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With new leadership, WHS experiences changes

September 3, 2010

The 2010-2011 school year got off to a big start on Wednesday with a number of new changes at Walpole High School that are aimed to bring the school into alignment with accreditation recommendations, give teachers more collaboration time, and increase student achievement levels, among other goals. The changes come as the school goes through its first major leadership shakeup in years. The school has a new principal, Stephen Imbusch, and a new assistant principal, William Hahn, both of whom, along with existing assistant principal Ed Connor, are setting an ambitious agenda for improving the school.

Among the new initiatives spearheaded by Mr. Imbusch and the new leadership team are Professional Learning Communities, otherwise known as PLCs. PLCs are intended to expand and enhance collaboration between teachers, as studies have shown that teachers who collaborate and work together to share their teaching practices upgrades student achievement in the long run. Students this year will be allowed to report to school 35 minutes later every other Wednesday, at 7:55 rather than the normal school start time of 7:20, so that teachers can spend that half hour in PLCs. There is added benefit too, for having students arrive at school later, according to Mr. Imbusch, as an increasing number of studies show that students who have had plenty of sleep are performing better in school.

But teachers aren’t the only ones who will be taking time off from the school day to communicate more with one another. Students this year will be attending weekly advisory groups, as recommended by the New England Association of Schools and Colleges. The concept of advisory is to allow students and staff to have an opportunity during the school day to discuss what is going on in their classes, lives, and in the world. [See 2009 Rebellion article about advisories here.] The advisories will be run by staff members from nearly every part of the building. In addition to teachers, non-teachers like secretaries and janitors and others employed at the high school are expected to be running the groups when they start up at the end of the month. Students will be assigned to one advisory group for the entire year – meaning that they will be meeting with one specific teacher and one specific group of students every Wednesday for about a half hour in the middle of the school day. Advisories have already been in place at many other schools, with success.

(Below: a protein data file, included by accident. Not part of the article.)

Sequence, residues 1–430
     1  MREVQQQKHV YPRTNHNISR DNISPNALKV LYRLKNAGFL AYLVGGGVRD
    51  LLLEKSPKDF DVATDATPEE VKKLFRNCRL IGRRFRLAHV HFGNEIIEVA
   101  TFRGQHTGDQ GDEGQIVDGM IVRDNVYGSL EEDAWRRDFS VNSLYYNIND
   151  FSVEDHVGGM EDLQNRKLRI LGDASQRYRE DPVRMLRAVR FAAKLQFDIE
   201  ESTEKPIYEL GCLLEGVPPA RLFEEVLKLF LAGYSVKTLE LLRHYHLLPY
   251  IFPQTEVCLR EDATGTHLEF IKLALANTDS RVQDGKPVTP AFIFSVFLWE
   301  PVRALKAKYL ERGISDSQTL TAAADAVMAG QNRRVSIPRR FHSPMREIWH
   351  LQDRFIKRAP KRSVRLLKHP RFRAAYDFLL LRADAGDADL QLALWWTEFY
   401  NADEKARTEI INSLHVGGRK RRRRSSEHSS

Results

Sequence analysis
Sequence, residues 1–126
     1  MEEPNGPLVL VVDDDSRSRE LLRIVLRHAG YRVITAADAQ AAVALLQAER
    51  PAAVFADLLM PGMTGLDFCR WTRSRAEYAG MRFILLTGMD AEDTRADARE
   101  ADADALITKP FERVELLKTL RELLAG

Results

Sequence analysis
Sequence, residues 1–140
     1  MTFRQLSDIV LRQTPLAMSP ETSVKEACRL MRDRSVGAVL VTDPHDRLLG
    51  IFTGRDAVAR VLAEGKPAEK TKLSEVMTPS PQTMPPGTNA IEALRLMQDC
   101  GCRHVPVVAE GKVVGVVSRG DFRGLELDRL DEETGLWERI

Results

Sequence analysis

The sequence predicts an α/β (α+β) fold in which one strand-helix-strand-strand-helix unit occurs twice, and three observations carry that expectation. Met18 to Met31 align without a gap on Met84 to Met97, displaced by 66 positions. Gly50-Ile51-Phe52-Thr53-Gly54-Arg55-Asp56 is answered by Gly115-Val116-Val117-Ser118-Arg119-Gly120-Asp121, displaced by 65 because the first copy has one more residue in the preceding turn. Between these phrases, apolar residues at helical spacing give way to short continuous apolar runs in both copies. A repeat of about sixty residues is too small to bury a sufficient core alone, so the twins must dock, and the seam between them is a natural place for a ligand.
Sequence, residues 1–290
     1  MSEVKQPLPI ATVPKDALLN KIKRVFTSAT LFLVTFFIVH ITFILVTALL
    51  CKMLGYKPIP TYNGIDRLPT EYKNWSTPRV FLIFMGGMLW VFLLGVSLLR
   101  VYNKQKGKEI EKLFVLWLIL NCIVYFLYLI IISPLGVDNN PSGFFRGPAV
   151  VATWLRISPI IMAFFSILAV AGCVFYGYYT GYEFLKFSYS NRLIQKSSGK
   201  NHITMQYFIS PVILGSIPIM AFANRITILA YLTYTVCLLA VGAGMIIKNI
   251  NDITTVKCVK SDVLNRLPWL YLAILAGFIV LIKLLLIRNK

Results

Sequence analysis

The addition of PLCs and advisories to the high school represents an interesting transformation in the history of contemporary education. The PLCs and advisories allow students to actually spend far less time actually learning in a physical classroom. Under PLCs and advisories, students will lose anywhere from about a half-hour to an hour of classroom learning time every week. But education leaders hope that the benefits of PLCs and advisories will translate into greater success for students, and compensate for the lost classroom time.

Other changes are also taking place at Walpole High as well. With the creation of advisories, homerooms have been eliminated and students now report directly to their first period class upon entering the school in the morning. And, in what has apparently now become a tradition for all new Walpole High School principals, Mr. Imbusch has made his own mark on the bells that alerts students class is over or about to begin. The bell sound, last changed under the Bernstein administration several years ago, has been modified to a softer and shorter tune under Mr. Imbusch – not such a popular change among students. Another not-so-popular change has been made in the school’s attendance policy. School administrators realized last year that by allowing students to have a maximum of twelve unexcused absences per year, some seniors were stocking up on unexcused absences and then using them all at once towards the end of the school year. Under the new policy implemented by Mr. Imbusch this year, students are permitted a maximum of three unexcused absences per term, totaling twelve per year for all four terms.

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